Written by Kiera Cass
Published May, 2014 by HarperTeen
Genres: Dystopian, Romance
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The time has come for one winner to be crowned.
When she was chosen to compete in the Selection, America never dreamed she would find herself anywhere close to the crown--or to Prince Maxon's heart. But as the end of the competition approaches, and the threats outside the palace walls grow more vicious, America realizes just how much she stands to lose--and how hard she'll have to fight for the future she wants.
I didn’t enjoy the final instalment in Kiera Cass’s ‘The Selection’ series, The One. I have never been a ridiculous fan of these books, but I have stuck with them in the hopes that it would improve. Three books in, I expected Kiera Cass to amp up her game… but it just never happened. Looking back on all three novels, I just couldn’t see the growth of her characters or relationships.Warning: Spoilers within the full review.
I was fed up and tired of the back-and-forth love story between America and Maxon. Despite three books, I felt that their relationship never really developed beyond the tedious ‘he loves me’ and ‘he loves me not’. Just when I thought the couple was breaking new ground, we were back where we started from.
As for America’s relationship with Aspen, the same old problems presented themselves in The One. Despite Aspen’s eagerness to tell America ‘something’ (I could guess what it was, too) Kiera Cass managed to drag it out right until the end of the book so that the whole Aspen/America dilemma remained a heavy problem in her relationship with Maxon.
Things were shaking up in Illea’, and I felt that it could have played a bigger role in this final book if only Kiera Cass took a step back from recycling the same romance dramas from the first two books. I feel that each book should be a step up from the last in the way of world and character development, and ‘The Selection’ series never did that for me.
We get to see a new side of some of the characters (well, only one really – Celeste) and while this did add a new element to the story, it was too little too late.
As for the numerous roadblocks in America and Maxon’s relationship, they were all bulldozed out of the way right near the end ever-so conveniently. Instead of the duo being able to change their respective situations and grow (Maxon growing a backbone and America being honest) all it took was a group of rebels to fire off a few shots and the couple got their Happily Ever After practically in the next chapter.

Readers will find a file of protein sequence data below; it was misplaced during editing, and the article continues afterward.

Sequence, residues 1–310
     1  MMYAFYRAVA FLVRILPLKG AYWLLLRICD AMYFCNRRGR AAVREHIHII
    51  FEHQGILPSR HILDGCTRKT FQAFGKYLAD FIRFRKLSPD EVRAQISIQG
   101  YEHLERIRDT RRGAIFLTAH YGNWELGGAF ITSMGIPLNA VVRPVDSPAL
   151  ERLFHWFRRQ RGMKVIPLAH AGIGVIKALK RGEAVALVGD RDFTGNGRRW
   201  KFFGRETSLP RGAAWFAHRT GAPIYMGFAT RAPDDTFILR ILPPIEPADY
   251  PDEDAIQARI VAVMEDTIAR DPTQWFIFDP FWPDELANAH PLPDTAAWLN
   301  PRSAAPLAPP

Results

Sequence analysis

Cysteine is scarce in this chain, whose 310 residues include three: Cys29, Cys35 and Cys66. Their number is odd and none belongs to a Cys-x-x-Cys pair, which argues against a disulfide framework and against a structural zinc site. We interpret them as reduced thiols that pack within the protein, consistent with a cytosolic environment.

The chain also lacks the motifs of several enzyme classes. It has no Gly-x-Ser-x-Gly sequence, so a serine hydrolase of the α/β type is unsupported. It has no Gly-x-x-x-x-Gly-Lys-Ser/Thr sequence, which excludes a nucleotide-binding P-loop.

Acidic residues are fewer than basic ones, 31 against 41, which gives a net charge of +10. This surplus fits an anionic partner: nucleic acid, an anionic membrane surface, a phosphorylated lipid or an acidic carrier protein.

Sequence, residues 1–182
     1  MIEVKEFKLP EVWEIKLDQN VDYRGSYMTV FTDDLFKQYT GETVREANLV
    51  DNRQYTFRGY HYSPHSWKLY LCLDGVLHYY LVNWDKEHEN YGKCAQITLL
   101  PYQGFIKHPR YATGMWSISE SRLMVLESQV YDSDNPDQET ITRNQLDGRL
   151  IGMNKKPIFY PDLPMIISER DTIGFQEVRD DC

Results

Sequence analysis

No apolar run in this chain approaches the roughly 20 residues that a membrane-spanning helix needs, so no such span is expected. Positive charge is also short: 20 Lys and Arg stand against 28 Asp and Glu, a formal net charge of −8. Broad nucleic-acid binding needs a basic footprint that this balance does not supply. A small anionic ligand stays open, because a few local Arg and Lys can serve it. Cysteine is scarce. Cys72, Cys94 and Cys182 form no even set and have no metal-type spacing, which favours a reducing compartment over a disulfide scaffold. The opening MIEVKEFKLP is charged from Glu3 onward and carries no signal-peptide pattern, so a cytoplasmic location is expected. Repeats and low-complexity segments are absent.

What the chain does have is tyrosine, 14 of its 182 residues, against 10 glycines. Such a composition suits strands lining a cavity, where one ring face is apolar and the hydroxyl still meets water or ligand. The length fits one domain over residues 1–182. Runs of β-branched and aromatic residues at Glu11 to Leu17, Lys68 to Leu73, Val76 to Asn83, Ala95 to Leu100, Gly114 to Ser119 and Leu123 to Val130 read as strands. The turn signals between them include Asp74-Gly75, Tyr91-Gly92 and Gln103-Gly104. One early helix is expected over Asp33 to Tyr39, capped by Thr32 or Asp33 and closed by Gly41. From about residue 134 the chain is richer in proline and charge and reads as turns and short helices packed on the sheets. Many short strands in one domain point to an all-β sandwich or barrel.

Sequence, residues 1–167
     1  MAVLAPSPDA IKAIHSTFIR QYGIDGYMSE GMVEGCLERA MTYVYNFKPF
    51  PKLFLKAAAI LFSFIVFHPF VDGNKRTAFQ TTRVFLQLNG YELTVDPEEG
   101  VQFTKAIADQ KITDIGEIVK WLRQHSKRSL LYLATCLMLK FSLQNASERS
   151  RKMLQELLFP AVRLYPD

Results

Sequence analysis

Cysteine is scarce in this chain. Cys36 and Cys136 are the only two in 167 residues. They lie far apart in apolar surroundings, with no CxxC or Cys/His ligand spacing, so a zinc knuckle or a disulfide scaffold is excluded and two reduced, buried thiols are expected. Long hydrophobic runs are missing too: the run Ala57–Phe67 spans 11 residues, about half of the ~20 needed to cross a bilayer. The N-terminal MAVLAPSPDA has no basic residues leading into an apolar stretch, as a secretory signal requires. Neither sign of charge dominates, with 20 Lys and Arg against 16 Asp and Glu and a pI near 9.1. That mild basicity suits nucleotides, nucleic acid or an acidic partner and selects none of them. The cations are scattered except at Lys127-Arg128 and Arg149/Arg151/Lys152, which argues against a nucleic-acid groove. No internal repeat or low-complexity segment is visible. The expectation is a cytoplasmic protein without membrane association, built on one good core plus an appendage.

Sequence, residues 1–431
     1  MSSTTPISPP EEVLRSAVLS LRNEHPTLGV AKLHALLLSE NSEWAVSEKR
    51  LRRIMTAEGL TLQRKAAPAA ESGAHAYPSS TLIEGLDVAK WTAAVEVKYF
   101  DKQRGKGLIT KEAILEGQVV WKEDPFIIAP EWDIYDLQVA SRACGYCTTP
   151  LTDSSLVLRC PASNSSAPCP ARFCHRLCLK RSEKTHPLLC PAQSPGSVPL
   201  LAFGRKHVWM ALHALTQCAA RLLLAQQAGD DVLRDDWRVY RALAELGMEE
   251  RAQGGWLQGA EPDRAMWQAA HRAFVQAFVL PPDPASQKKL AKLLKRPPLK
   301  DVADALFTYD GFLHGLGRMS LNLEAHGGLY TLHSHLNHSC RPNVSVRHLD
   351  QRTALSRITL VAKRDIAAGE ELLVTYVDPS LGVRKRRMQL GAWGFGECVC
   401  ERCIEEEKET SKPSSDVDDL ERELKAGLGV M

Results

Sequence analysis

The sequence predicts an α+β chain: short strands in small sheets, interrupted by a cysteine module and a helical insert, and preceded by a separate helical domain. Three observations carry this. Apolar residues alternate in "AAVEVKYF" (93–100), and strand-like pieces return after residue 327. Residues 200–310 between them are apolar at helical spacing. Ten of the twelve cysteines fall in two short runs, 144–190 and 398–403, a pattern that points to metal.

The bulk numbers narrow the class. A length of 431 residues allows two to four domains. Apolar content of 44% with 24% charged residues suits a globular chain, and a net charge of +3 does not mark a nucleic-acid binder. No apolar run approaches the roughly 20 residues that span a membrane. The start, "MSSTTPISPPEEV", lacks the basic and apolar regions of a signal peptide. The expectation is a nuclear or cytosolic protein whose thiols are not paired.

The King’s unwarranted aversion to America played a huge role in this series and I would have appreciated this obstacle to be overcome by America herself, or even Maxon. The same goes for change in the world of Illea. It felt like Kiera Cass merely took the easy way out in that regard. And for it all to happen suddenly at the end after a rather slow moving book? It felt jarring and as if it didn’t fit.
I am also confused as to what happened to America’s maid, Anne. It mentions her only briefly and I wasn’t sure if she’d been killed or simply had fled the palace in the midst of the rebel attack. Despite her story having a little bit of build-up in The One, it felt unusual to just have her forgotten. The same goes for the death of Celeste. I didn’t feel that America didn’t feel this loss enough, only mentioning her once before the end. I mean, America saw her killed.
All in all, everything seemed to fall in to place a little too conveniently for my liking and I would have liked the main characters to have a bit more to do with how things ended. I had been hoping for a lot more as this was the finale and the other two books were just ‘so-so’. It’s safe to say that The One is my least favourite in the trilogy.
Recommended to: If you’ve stuck with ‘The Selection’ series this far, you may as well finish it. I can see how this book would appeal to fans of the America/Maxon relationship, but as I never fully got behind it or any of the characters, it was a disappointment for me.